State Sen. Robert A. “Bobby” Zirkin (D-11th) was the featured speaker at a community meeting at Chizuk Amuno Congregation in Pikesville on July 26. Cosponsored by Jews United for Justice and the Chizuk Amuno Social Advocacy Committee, the event was attended by approximately 150 people.

“We are building an active Jewish community to achieve the justice goals we all believe in,” said Molly Amster, director of JUFJ and a host of the meeting.

Representing the synagogue’s Social Action Committee, Andy Miller told attendees, “We [the committee] use our voice in support of state policies and laws that we feel should be promoted. For example, reduce the use of cash bail [a system that penalizes defendants who can’t afford to post bail and are therefore kept in prison awaiting trial].

In fact, bail reform was one of the four issues Amster raised for discussion. Others were:

  • Paid Sick Leave: Passed by Maryland’s House of Delegates and State Senate, this bill was vetoed by Gov. Larry Hogan and will come up again in the next legislative session.
  • Trust Act: A bill to clarify the parameters of state and local participation in federal civil immigration enforcement.
  • Rent Court: Reforming the Rent Court’s process to provide greater protections for tenants.

“Lobby the legislature,” urged Amster. “Show them how Jewish values can influence legislation.”

Zirkin, chairman of the of Maryland’s Senate Judiciary Proceedings Committee and a Chizuk Amuno member, spoke on these issues for 2 ½ hours.

State Sen. Robert A. “Bobby” Zirkin addresses a crowd at Chizuk Amuno Congregation on Jan. 26.

Asked if he would help override Gov. Larry Hogan’s veto of paid sick leave, Zirkin said, “We must look at the details of this bill. It will put some people out of business. Farmers are exempted?  Why?  I ask ‘Why farmers?’ A person in my district has 2,500 summer employees who take care of swimming pools. He would be put out of business if the paid sick leave bill passed. He is not exempted.”

Regarding Rent Court, he was asked about the vote he cast for expedited convictions.

“ I don’t know rental law, so I put property bills into subcommittee. But one portion of the bill discussed expedited evictions for meth labs and guns being shot out of the homes. I didn’t think this was controversial,” said the senator.

About the Trust Act: “Do you support resisting President Trump’s immigration plans?”

“I like nine out of 10 provisions in the bill. For example, police cannot ask about immigration status, the senator said. “But I don’t like the ICE [Immigration and Customs Enforcement] Detainers provision. “Fingerprints of detainees automatically go to ICE, which can detain the person because he or she is deportable. I think we need to rewrite a portion of that bill so that someone on a terrorist watch list, for example, would be deportable, but [someone not on a terrorist watch list] would not be detained.”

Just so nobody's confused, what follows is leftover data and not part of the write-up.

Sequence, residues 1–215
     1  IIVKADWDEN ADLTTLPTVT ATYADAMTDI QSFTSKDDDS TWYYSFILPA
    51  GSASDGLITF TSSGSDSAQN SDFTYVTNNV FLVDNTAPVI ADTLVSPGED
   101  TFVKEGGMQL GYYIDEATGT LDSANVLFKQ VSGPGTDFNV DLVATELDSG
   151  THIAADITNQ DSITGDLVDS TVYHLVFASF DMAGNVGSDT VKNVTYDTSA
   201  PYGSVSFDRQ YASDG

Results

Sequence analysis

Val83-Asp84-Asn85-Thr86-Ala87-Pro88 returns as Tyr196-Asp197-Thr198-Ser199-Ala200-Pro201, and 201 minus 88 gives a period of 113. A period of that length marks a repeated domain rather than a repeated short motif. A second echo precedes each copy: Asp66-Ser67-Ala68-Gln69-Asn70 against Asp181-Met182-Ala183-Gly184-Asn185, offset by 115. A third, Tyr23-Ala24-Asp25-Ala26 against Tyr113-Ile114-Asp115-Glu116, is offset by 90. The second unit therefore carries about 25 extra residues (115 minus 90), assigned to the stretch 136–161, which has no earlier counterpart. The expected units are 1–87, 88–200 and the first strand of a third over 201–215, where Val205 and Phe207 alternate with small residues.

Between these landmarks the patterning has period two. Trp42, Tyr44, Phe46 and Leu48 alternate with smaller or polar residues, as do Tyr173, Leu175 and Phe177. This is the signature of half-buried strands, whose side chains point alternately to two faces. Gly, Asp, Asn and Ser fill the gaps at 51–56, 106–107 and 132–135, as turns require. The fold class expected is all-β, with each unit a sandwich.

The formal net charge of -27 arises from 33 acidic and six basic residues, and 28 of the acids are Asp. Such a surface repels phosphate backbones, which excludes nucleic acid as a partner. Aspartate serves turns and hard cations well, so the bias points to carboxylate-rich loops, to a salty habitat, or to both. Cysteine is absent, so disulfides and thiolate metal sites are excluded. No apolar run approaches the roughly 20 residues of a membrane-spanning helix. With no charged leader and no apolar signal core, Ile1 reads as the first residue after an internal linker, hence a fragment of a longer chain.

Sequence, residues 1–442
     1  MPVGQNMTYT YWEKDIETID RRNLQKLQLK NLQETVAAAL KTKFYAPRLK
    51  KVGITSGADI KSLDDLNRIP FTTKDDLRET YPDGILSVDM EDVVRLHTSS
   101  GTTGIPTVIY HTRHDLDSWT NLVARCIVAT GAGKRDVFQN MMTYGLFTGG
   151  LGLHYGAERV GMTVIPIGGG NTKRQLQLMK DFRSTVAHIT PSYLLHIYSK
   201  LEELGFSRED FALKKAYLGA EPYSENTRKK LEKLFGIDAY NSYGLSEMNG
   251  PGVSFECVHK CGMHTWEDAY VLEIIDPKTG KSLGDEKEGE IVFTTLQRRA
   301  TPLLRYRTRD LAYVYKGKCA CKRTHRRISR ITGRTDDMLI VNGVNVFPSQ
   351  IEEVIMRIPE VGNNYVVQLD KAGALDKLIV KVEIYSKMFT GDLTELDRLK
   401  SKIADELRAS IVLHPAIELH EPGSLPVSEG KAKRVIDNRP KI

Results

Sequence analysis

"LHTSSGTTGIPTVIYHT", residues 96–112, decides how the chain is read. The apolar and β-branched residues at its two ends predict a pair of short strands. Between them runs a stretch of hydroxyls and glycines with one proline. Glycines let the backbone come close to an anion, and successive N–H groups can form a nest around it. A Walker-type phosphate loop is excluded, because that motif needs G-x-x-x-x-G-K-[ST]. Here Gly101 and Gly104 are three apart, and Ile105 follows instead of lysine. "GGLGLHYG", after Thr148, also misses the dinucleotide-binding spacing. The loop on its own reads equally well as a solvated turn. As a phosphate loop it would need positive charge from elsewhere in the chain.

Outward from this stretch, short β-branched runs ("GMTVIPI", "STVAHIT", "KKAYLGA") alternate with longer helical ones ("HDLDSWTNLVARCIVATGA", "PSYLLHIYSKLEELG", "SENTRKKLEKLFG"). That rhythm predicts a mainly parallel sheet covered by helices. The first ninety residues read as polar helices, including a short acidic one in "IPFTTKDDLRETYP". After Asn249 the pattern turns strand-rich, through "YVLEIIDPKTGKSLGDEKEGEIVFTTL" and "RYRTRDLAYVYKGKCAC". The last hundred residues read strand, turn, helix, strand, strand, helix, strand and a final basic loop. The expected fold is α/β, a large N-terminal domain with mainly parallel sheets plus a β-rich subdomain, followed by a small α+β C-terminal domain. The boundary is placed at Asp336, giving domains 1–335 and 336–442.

Bail reform was among the most contentious issues of the evening. “Are you aware of the more effective bail bonds systems available in other parts of this state and some other states?” asked one attendee.

“I don’t care about the bail system,” Zirkin answered. “Bail reform sounds great, but it’s what’s behind it that’s important. The bail bond industry paid almost $75,000 over three years to lobby against changes to the bail bond system. But the fact is, there is a 100 percent increase in people being held in jail this year as compared with last year, because there is no chance of bail before their court date.”

“I expect a follow-up bill in the next session. We need to pilot a new pre-trial system, but that takes money, the state budget needs to get involved.”
Near the end of the evening, there was a series of rapid questions and answers:

“Would you work with advocacy groups on new bills that you might sponsor?”

“Yes.”

“Should citizens sit on trial boards? For example, in cases of suspected police misconduct?”
“No, not yet because current police contracts won’t allow that.”

“Can you support end of life legislation?”

“Yes, I will vote for this bill.”

Just after the event concluded, Carla Johnson of Catonsville said, “I’m happy he was here tonight. I’m interested in legislation against sexual assault. He has said he would meet with advocacy groups, and he’s done that.”

Said Greg Friedman of Pikesville, “I’m involved with Jews United for Justice and am very interested in rent court legislation. It was great to hear him speak.”

Meanwhile, Zirkin was in his element. “I love it,” he said. “I love talking about the details of legislation, talking with citizens. A lot of the best ideas have come from citizens. And I love the tough questions!

“We have 90 days in the Legislature, which quickly becomes 60 days to discuss 600 bills, including the recommendations of sub-committees. There is so much to do in such a short time. That’s why I’m here tonight, long before the beginning of the new session.”

Peter Arnold is an Olney, Md.-based freelance writer.

Photos by Peter Arnold

More In News

All In News »